Children’s Hospital only U.S. pediatric hospital selected for neuroscience initiative

The Children’s Hospital of Wisconsin was selected as one of 15 nonprofit and non-governmental organization sites in the United States and Canada to participate in “Change in Mind: Apply Neuroscience to Revitalize Communities,” a three-year initiative of the Alliance for Strong Families and Communities, in partnership with the Robert Wood Johnson Foundation and the Norlien Foundation. The Children’s Hospital is the only children’s hospital in the nation that was chosen to participate in the Change in Mind initiative.

The ultimate goal of the initiative is to better align health care and social systems with established brain science to determine if research on the effects of stress on the brain can be used to transform policies that address some of the most difficult social issues facing our communities.

“Children’s was selected because of our focus on family preservation and our work to help reverse the negative effects of adverse experiences on kids’ developing brains,” said Bob Duncan, executive vice president for Community Services at Children’s Hospital of Wisconsin. “Children’s Hospital of Wisconsin treats approximately 7,000 child abuse victims every year – more than 10 times the number of pediatric heart cases we see annually. Our goal is to reduce that number by improving and expanding prevention and intervention programs for families in need.”

As a participant in the Change in Mind initiative, Children’s will work to enhance its Strong Families, Thriving Children well-being framework to serve as a resource for policymakers on best practices for child abuse prevention, family preservation and child welfare.

The Strong Families, Thriving Children approach focuses on assessing child and parent functioning and providing evidence-based interventions. It serves to provide a unifying approach across Children’s range of family service programs, from child welfare and foster parent licensing to home visiting and counseling – all of which address the negative impacts of childhood adversity on brain development.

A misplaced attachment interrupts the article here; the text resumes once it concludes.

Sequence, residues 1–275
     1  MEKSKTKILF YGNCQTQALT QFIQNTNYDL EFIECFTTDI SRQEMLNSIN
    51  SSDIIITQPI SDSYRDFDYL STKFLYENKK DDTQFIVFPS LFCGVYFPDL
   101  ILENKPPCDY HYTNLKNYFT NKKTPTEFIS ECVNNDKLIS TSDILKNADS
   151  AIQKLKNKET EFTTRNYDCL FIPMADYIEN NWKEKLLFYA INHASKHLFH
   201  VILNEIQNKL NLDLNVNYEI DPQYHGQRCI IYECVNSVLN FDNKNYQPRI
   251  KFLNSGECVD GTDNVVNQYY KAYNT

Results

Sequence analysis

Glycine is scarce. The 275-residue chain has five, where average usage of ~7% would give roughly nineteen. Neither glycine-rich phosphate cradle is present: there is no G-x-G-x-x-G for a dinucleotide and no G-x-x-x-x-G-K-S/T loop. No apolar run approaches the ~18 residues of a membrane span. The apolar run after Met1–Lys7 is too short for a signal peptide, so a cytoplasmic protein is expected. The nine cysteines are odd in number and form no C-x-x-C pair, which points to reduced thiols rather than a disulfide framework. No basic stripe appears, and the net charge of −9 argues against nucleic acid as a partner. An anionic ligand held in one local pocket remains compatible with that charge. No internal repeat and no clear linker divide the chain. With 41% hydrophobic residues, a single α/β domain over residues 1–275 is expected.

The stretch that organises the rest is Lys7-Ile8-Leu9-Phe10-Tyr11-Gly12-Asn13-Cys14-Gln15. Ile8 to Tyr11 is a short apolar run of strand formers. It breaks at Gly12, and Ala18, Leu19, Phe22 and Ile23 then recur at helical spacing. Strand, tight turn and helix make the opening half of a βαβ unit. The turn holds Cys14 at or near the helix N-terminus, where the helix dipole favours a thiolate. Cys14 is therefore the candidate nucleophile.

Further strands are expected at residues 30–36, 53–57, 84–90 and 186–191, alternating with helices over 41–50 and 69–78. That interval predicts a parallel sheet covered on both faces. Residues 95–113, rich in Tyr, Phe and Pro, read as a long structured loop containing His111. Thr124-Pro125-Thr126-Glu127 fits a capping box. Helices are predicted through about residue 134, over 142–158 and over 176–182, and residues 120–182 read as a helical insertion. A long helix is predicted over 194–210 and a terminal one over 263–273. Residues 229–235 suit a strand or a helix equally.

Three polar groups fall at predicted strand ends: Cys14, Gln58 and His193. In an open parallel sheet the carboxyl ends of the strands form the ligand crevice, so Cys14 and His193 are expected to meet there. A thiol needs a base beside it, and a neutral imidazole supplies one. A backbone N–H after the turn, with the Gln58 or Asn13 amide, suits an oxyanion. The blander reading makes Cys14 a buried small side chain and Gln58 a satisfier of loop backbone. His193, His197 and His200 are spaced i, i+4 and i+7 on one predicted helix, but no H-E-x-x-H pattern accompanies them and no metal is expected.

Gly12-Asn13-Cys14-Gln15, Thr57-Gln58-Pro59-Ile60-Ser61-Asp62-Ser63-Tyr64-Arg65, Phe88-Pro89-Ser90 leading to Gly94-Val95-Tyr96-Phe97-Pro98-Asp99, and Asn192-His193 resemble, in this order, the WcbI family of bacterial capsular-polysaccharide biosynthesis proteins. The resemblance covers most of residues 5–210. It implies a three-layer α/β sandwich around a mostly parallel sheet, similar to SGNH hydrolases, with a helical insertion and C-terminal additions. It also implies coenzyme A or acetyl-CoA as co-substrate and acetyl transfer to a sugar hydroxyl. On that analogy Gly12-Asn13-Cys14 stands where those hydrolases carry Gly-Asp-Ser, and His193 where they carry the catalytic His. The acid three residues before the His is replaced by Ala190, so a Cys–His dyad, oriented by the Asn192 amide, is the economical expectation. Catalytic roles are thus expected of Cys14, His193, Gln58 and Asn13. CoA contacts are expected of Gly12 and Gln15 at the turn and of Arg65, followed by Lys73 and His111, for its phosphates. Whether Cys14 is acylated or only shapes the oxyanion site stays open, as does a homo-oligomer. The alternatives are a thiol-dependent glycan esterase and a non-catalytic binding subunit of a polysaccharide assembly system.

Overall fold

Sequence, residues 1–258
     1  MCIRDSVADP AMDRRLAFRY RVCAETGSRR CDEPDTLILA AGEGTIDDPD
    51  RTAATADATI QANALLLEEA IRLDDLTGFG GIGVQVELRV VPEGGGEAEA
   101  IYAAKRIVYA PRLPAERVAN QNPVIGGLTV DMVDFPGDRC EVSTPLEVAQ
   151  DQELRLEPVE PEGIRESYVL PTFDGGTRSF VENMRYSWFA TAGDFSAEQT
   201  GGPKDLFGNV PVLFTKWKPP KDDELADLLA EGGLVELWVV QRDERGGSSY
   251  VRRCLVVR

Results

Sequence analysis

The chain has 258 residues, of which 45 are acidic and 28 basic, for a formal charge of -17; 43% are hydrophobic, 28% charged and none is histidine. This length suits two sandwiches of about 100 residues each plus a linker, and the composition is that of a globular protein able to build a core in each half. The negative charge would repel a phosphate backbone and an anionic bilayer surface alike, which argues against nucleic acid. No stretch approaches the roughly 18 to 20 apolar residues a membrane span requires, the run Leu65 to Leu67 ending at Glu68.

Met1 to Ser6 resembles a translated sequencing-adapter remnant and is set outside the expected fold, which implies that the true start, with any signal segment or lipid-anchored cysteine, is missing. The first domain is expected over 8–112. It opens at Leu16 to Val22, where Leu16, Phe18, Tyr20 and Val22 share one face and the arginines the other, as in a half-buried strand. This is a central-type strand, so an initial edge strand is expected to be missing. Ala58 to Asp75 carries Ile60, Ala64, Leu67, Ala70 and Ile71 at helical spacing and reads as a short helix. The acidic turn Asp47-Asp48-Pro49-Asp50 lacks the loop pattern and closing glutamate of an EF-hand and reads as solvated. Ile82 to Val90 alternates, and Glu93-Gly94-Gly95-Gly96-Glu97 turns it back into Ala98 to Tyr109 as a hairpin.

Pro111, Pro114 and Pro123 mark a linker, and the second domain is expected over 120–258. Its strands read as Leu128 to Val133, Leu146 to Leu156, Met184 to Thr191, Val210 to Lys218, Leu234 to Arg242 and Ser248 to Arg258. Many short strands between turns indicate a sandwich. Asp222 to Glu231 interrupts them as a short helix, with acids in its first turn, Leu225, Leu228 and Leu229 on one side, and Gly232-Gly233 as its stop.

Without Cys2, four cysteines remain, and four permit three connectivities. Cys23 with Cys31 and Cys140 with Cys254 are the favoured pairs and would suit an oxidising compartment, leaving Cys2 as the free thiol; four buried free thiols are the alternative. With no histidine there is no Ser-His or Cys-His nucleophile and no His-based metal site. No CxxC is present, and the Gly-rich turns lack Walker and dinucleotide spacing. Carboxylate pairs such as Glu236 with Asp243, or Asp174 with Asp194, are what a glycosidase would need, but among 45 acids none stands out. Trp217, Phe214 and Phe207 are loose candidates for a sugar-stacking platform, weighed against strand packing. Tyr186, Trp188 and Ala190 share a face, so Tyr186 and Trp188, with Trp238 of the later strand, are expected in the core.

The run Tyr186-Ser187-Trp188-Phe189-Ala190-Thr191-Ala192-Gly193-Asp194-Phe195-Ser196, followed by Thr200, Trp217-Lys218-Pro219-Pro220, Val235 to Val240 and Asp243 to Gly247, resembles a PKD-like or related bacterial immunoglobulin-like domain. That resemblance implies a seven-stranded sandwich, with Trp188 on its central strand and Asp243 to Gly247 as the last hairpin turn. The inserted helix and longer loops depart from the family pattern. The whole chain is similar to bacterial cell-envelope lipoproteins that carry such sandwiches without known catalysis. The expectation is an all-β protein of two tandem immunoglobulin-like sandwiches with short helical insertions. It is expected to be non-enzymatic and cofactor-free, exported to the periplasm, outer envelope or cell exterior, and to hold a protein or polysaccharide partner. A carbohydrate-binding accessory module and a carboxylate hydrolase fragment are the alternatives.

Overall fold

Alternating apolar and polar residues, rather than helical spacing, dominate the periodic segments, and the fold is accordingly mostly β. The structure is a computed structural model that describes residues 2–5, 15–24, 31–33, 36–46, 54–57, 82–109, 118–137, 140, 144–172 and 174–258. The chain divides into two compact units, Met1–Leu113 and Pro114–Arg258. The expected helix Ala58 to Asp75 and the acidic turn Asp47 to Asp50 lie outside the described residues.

The Children’s Hospital also plans to create additional capacity for evidence-based family interventions by adding new staff trained at Children’s to deliver Parent-Child Interaction Therapy (PCIT). PCIT is a research-based intervention for young children with emotional and behavioral issues that places emphasis on improving the quality of the parent-child relationship and changing parent-child interaction patterns.

By partnering with researchers from the University of Wisconsin-Milwaukee, Children’s will work to translate neuroscience research to practice by adding components of PCIT into more family preservation programs around the region.

“The participation of Children’s Hospital of Wisconsin in this exciting initiative shows that there is no more uniquely qualified sector than the nonprofit sector to lead larger systems change by aligning policy, regulatory and fiscal areas with established brain science,” said Susan Dreyfus, president and chief executive officer of the Alliance.

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